Bipartisan group of senators condemn China lawsuit against Hong Kong Cardinal Joseph Zen

A A bipartisan group of senators introduced a resolution condemning the Chinese government’s crackdown in Hong Kong and its prosecution of outspoken Catholic Joseph Zen.

Zen is pursued by the dominated by the Chinese government authorities in the city after his decades of harsh criticism of Beijing’s religious persecution, its numerous human rights abuses and its growing repression, and US senators are now urging the Senate to condemn his arrest and call on the government Chinese to end its prosecution.

The senses. Kevin Cramer (R-ND), Jim Risch (R-ID), Angus King (I-ME) and Alex Padilla (D-CA) came together this week to introduce a resolution condemning Zen’s arrest and in “reaffirming the Senate’s commitment to supporting democracy, self-reliance, religious freedom and human rights” in Hong Kong.

The resolution “condemns the arrest of Cardinal Zen by the Hong Kong authorities at the request of the Chinese Communist Party” and “calls for the immediate dropping of all charges against Cardinal Zen.”

THE ZEN CATHOLIC CARDINAL OF HONG KONG PROSECUTED BY CHINA

If passed, the Senate would also ‘reaffirm religious freedom as a fundamental right’ and ‘urge authorities in China and Hong Kong to stop targeting Hong Kong civil society actors and immediately release and drop all charges. held against all political prisoners who have been unjustly detained and charged”.

The 90-year-old cardinal, along with five co-defendants, were arrested and charged under the Hong Kong Companies Ordinance in May for allegedly failing to properly register the Pro-Democracy Humanitarian Relief Fund 612 , which provided legal and medical assistance in 2019. and 2020 to jailed protesters who opposed the Chinese government’s increasingly firm grip on the former British colony, which had semi-autonomy from the Chinese government until recent years.

Zen is also being investigated for “alleged collusion with foreign forces” under Hong Kong National Security Law, and, if charged and found guilty under this law, he could be sentenced to life.

The bipartisan group of senators said this “national security law” was imposed in 2020, “effectively crushing Hong Kong’s opposition movement, overhauling its electoral system to give Beijing even more control, silencing free media and crippling its once vibrant civil society.”

The senators lamented that “Hong Kong is turning into an increasingly repressive society where no one stands up to government tyranny, including religious leaders and communities.” They added that “Cardinal Zen’s story is just one example among many of religious persecution and the attack on democratic freedom in China and around the world.”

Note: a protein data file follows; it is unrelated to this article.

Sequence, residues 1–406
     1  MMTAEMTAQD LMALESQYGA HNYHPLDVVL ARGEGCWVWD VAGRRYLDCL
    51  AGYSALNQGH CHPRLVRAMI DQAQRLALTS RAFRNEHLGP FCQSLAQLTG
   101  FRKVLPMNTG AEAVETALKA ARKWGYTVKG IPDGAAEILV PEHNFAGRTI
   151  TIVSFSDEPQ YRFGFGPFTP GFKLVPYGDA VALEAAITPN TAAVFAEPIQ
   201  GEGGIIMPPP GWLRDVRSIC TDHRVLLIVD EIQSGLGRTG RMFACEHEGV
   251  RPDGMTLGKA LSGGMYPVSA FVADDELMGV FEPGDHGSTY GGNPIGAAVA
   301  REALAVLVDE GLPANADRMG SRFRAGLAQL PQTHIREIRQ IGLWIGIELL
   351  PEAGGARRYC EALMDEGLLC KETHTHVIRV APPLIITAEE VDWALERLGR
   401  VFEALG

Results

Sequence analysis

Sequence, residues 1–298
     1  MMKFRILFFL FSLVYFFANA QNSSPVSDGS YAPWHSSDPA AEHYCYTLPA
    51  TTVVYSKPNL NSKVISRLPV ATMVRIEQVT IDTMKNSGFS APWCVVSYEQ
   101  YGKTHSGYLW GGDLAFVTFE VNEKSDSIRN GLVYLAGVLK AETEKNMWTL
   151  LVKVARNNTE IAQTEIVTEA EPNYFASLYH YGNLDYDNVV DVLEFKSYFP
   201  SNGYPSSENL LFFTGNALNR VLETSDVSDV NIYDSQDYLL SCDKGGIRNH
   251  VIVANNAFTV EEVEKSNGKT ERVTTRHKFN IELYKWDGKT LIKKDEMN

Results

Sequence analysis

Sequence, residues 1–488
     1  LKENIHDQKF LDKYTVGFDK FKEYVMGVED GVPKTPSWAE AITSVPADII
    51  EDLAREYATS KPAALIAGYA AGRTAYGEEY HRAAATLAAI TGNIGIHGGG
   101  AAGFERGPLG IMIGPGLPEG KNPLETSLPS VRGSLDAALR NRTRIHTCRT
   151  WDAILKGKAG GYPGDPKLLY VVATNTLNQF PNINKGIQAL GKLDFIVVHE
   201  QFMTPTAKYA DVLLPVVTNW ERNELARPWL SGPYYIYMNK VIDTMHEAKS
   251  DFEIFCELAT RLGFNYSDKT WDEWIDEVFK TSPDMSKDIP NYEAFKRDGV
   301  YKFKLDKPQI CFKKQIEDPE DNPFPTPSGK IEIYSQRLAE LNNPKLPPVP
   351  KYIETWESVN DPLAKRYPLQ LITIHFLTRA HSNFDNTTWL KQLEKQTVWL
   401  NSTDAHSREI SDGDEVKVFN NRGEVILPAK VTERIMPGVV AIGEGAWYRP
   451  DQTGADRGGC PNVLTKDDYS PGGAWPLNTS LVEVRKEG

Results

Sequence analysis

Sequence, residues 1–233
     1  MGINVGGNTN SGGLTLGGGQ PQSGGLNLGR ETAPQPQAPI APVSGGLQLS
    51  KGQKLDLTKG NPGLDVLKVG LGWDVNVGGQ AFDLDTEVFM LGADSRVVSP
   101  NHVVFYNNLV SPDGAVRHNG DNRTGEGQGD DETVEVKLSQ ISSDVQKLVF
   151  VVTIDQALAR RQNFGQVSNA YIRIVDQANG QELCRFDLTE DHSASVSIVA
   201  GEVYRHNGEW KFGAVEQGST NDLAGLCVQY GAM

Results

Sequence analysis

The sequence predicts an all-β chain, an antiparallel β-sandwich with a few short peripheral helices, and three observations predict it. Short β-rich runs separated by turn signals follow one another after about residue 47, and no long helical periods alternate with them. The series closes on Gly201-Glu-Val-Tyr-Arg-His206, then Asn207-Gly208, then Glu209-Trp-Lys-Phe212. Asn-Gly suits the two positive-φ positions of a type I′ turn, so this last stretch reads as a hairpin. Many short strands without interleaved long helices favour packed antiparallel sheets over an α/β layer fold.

Other U.S. political leaders have also criticized China’s lawsuits against Zen.

House Speaker Nancy Pelosi (D-CA) wrote in mid-May that “Beijing launched its latest assault” on freedom by arresting Zen, arguing that “these arrests are part of a harsh crackdown” and are “designed to eliminate all dissent in Hong Kong”.

And the White House press secretary Karine Jean-Pierre too sentenced arrest in May.

“Thus, freedom of expression is essential for prosperous and secure societies,” Jean-Pierre told reporters. “We call on the PRC and Hong Kong authorities to stop targeting Hong Kong defenders and immediately release those who have been unjustly detained and charged, like Cardinal Joseph Zen and others arrested today.”

The Vatican’s response to the arrest has been largely silent because Pope Francis is seeking to renew a secret agreement between the Catholic Church and the Chinese government on how bishops are appointed and how the Church is authorized to operate inside the increasingly authoritarian country.

There is a big rift inside China between the government-sanctioned Chinese Patriotic Catholic Association and the underground Catholic Church.

Zen has long been a harsh critic of Beijing and has repeatedly criticized the Vatican as it seeks a more permanent deal with the Chinese government. Francis hopes to reach a new agreement with China this month.

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Chinese Foreign Ministry spokesman Zhao Lijian defended Zen’s arrest in mid-May by saying “Hong Kong is a society of law where no organization or individual is above the law. law and all offenses shall be prosecuted and punished according to law”.

Zen himself has not backed down since his arrest.

“Martyrdom is normal in our church,” the cardinal said. said during a homily at the end of May during the Catholic mass. “We may not have to, but we may have to endure the pain and arm ourselves with our loyalty to our faith.”

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